Hallelujah! Was agonizing this week over a letter I was preparing for our Congressmen explaining why it was a personally emotional issue with me, but more importantly, a serious issue regarding public rights and the law of the land to turn the National Bison Range over to the Salish/Kootenai Indian tribe; BUT, the Thursday announcement by Secretary of the Interior Ryan Zinke said, “IT IS NOT GOING TO HAPPEN.”
In years past this column has covered roundups and other important events at the Bison Range because it is more than just a very, very, special place to me. I ask your understanding and forgiveness for a quick review of why.
In the spring of 1935, my first grade picnic gave me a first magical visit to the Bison Range. I was 6 and the Range was 27, but a love affair began. It is possible that no non-employee had a closer connection over these last 82 years. Because of constant visits and interest, I became close friends with each superintendent, like long-serving Marvin Kaschke. Went there at every opportunity, including the first week home from Germany out of the Army, and got pictures of the famous white bull, Big Medicine. Volunteered for active field work while in college.
It is important to note that I helped do ground work in Congress to get budget for building a much-needed visitors’ center, and continued helping after leaving Sen. Metcalf’s staff and coming home.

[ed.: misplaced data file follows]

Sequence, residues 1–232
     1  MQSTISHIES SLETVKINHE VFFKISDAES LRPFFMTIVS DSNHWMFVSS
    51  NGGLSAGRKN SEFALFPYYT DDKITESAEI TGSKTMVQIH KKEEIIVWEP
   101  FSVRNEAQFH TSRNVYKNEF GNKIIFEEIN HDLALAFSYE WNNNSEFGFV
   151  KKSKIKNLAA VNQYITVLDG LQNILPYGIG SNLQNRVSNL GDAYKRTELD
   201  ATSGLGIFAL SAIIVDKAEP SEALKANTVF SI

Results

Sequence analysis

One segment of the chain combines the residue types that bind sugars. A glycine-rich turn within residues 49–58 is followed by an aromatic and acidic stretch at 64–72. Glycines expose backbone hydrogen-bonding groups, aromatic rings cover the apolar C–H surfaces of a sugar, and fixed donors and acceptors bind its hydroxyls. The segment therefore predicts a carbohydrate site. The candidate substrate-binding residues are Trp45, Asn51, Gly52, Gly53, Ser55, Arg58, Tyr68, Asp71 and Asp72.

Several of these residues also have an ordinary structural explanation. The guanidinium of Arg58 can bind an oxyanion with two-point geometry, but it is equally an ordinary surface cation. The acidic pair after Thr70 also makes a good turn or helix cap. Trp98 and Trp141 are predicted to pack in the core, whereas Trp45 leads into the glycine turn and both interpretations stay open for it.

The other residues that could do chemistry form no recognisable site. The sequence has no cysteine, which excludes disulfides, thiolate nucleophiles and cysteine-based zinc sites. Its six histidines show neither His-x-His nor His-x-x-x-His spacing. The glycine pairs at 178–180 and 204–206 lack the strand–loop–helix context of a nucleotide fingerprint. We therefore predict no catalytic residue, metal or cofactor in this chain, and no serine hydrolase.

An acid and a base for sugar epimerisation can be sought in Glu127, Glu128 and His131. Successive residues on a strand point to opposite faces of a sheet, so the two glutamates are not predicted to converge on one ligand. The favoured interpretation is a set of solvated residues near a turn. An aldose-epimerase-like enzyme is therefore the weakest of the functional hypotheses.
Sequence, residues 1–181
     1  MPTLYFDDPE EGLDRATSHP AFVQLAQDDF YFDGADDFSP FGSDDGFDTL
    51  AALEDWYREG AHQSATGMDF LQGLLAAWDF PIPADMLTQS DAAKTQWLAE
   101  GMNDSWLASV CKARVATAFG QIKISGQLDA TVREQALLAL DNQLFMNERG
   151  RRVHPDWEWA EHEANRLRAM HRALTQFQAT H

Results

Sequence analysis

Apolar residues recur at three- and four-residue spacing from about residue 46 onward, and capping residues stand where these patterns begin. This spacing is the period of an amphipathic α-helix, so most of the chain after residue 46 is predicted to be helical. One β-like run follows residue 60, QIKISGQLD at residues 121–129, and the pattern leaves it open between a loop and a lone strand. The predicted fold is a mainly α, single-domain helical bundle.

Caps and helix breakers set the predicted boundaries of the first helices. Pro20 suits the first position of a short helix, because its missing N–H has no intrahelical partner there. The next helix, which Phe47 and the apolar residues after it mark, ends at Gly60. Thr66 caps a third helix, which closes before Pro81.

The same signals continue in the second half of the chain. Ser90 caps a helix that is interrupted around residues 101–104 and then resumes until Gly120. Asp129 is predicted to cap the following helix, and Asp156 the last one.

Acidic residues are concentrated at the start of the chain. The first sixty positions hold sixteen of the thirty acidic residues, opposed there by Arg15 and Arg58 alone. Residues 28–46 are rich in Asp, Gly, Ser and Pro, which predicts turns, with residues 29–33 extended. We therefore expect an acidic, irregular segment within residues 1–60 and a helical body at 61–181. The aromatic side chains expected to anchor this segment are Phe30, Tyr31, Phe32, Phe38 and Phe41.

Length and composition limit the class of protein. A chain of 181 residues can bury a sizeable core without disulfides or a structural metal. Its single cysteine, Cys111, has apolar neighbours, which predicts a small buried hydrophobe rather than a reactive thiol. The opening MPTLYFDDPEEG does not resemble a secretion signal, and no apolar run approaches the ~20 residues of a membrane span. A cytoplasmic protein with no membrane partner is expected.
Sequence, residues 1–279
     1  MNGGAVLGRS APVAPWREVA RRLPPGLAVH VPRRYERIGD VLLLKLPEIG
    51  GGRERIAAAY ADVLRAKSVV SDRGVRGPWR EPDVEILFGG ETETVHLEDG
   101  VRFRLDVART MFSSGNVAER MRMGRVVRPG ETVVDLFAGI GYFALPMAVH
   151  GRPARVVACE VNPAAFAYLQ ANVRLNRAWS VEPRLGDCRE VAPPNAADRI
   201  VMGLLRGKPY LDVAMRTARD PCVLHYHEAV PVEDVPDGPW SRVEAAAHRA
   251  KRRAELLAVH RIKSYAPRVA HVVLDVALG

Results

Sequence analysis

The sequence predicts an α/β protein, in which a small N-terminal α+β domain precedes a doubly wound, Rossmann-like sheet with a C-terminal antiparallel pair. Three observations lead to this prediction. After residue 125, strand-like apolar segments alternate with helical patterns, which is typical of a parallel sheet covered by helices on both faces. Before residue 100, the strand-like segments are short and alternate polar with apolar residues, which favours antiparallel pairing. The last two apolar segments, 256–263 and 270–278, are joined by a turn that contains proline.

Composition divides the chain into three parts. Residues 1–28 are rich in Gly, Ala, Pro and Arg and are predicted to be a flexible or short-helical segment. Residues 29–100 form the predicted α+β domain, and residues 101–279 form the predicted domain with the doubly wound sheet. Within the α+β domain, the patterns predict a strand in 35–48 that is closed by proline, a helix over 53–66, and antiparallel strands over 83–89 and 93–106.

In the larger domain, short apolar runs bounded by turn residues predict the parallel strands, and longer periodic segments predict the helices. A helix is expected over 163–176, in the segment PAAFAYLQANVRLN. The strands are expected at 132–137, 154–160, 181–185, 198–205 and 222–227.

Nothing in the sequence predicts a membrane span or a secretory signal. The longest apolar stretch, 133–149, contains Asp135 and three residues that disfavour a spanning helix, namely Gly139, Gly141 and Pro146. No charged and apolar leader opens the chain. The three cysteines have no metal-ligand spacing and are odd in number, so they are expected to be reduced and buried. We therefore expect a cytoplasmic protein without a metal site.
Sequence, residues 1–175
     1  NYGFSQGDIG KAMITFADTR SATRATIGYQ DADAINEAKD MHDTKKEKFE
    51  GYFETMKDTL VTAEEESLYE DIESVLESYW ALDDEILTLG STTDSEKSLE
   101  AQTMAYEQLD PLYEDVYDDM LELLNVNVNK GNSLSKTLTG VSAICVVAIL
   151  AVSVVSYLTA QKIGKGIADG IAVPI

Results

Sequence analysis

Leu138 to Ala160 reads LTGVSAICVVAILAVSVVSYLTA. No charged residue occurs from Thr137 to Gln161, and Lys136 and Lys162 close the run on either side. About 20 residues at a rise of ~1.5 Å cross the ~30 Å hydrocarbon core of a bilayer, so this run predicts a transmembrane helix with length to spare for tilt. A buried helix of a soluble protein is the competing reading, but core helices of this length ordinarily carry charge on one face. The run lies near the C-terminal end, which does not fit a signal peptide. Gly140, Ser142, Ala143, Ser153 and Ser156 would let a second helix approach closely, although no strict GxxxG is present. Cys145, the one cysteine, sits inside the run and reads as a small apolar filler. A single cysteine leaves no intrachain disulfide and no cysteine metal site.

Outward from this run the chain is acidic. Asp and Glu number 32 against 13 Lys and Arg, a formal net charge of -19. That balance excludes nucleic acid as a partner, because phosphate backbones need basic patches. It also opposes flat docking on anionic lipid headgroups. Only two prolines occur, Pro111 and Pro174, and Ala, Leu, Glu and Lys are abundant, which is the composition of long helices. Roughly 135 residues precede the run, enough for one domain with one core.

As a result I was honored to speak and be Master of Ceremonies when that wonderful building was dedicated. Did a national magazine story on roundup and included much photo coverage in son Shannon’s and my book, “Wondrous Wildlife.”
Was emcee at Range’s 75th birthday ceremony in 1983. That’s enough! You’ve got the picture.
I have friends on the reservation and there is nothing in my stand on the Bison Range that could logically be considered anti-Indian. They have many difficult social problems to solve which should take precedence over the specialized and serious job of running a complex wildlife sanctuary. That place belongs to all American citizens. It is the jewel of this nation’s vast refuge system.
Thank you, Secretary of the Interior Ryan Zinke.
G. George Ostrom is a national award-winning Hungry Horse News columnist. He lives in Kalispell.